What the legendary coach gets wrong about basketball.
Wooden, and our beatification of the man, has had its toxic effect on the game. It's certainly there in the NBA, which over the past year or so has hired a chief strategist of President Bush's re-election campaign to win back Middle America; instituted an absurd and paternalistic dress code (glossed nicely here); and stood idly by while Chicago Bulls coach Scott Skiles benched Ben Wallace, one of the hardest-working players in the game, for wearing a headband.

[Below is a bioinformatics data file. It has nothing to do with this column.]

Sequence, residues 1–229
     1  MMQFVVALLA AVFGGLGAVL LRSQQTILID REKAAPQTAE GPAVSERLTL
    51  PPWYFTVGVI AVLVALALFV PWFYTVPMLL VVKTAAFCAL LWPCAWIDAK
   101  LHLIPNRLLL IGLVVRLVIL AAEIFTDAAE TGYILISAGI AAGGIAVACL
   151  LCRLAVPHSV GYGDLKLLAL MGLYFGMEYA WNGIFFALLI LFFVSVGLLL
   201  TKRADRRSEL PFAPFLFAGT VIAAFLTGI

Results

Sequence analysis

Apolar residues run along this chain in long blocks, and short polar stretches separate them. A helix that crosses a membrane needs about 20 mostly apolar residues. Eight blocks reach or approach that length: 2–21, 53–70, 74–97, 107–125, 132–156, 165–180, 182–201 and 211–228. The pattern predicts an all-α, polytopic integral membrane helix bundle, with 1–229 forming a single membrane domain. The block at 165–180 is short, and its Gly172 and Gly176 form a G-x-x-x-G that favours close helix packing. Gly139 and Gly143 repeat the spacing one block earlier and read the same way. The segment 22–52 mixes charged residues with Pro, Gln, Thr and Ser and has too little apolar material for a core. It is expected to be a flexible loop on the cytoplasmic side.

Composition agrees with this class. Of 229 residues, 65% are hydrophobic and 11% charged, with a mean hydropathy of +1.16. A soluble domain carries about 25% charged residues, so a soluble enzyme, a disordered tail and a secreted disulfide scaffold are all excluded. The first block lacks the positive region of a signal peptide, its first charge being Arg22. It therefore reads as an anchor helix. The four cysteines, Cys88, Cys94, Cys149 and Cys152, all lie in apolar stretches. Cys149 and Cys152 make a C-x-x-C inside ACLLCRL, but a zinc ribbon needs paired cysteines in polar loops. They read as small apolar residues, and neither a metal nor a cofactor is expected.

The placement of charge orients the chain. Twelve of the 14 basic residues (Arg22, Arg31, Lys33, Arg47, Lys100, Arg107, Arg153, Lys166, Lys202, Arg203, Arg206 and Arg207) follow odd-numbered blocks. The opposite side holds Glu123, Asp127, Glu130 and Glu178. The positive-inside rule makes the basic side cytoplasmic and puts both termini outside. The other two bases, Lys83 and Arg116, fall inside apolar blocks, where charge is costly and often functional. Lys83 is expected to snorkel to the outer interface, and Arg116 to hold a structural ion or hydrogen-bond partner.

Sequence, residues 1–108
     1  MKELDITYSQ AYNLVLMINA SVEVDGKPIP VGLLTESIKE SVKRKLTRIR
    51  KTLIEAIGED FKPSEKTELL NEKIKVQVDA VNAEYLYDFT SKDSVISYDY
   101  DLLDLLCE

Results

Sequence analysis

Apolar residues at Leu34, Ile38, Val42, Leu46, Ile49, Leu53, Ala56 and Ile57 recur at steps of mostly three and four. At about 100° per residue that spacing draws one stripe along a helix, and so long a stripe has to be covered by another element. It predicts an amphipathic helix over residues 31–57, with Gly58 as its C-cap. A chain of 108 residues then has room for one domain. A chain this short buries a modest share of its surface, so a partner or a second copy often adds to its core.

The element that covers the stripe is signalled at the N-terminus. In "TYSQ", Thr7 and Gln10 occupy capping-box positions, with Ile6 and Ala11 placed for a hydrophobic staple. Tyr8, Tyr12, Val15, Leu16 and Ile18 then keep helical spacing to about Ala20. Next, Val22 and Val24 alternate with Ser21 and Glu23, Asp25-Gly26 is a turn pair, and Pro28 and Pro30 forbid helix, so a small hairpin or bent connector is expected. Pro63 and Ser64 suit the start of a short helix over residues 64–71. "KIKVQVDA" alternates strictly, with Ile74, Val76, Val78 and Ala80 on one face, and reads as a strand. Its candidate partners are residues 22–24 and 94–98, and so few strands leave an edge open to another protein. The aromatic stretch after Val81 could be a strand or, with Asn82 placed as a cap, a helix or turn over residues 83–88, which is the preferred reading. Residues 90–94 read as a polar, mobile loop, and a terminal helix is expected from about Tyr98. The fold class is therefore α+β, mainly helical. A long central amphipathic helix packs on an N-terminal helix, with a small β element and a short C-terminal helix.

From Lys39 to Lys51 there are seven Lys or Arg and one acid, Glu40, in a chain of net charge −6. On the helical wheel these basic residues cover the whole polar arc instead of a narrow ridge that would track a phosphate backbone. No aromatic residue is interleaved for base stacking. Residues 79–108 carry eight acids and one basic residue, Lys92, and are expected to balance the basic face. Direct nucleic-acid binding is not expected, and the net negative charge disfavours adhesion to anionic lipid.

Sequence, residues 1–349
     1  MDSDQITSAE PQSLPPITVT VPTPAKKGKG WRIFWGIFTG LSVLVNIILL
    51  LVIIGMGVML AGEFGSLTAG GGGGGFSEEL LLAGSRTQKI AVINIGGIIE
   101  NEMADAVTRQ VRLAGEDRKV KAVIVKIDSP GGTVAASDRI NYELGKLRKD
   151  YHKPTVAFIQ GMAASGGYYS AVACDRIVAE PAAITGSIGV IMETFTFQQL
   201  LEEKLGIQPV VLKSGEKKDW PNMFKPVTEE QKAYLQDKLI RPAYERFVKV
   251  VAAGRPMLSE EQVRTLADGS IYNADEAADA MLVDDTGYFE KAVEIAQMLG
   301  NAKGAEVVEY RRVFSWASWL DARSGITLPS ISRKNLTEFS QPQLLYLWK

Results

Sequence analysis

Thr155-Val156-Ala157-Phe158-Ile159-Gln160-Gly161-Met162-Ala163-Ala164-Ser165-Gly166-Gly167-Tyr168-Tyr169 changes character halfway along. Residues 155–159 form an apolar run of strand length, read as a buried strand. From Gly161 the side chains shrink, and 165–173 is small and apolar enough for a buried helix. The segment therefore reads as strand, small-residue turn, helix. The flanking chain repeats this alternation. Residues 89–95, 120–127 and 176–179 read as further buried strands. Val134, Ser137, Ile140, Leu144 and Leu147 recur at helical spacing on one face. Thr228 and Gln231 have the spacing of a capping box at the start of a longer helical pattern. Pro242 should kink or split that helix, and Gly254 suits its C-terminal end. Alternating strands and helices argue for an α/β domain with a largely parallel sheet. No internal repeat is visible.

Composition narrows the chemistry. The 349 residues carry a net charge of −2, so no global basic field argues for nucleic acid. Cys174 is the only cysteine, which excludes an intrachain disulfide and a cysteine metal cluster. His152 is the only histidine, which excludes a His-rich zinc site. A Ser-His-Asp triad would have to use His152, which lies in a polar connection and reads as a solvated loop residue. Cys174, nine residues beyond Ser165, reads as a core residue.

It is another Wooden contribution, however, that I fear will endure. He has given us the basketball moralist, someone for whom the fundamentals are themselves a kind of faith. Wooden provided a framework for linking on-court play with virtue. A bounce pass is not just fundamentally sound, but somehow morally expedient; a missed dunk is a straight path to damnation. Leave aside some of the more repellent conclusions this might lead one to—it is simply a boring and blinkered way of watching a basketball game. This, ultimately, is John Wooden's legacy: He taught us to take a profane bit of beautiful exercise and turn it into church.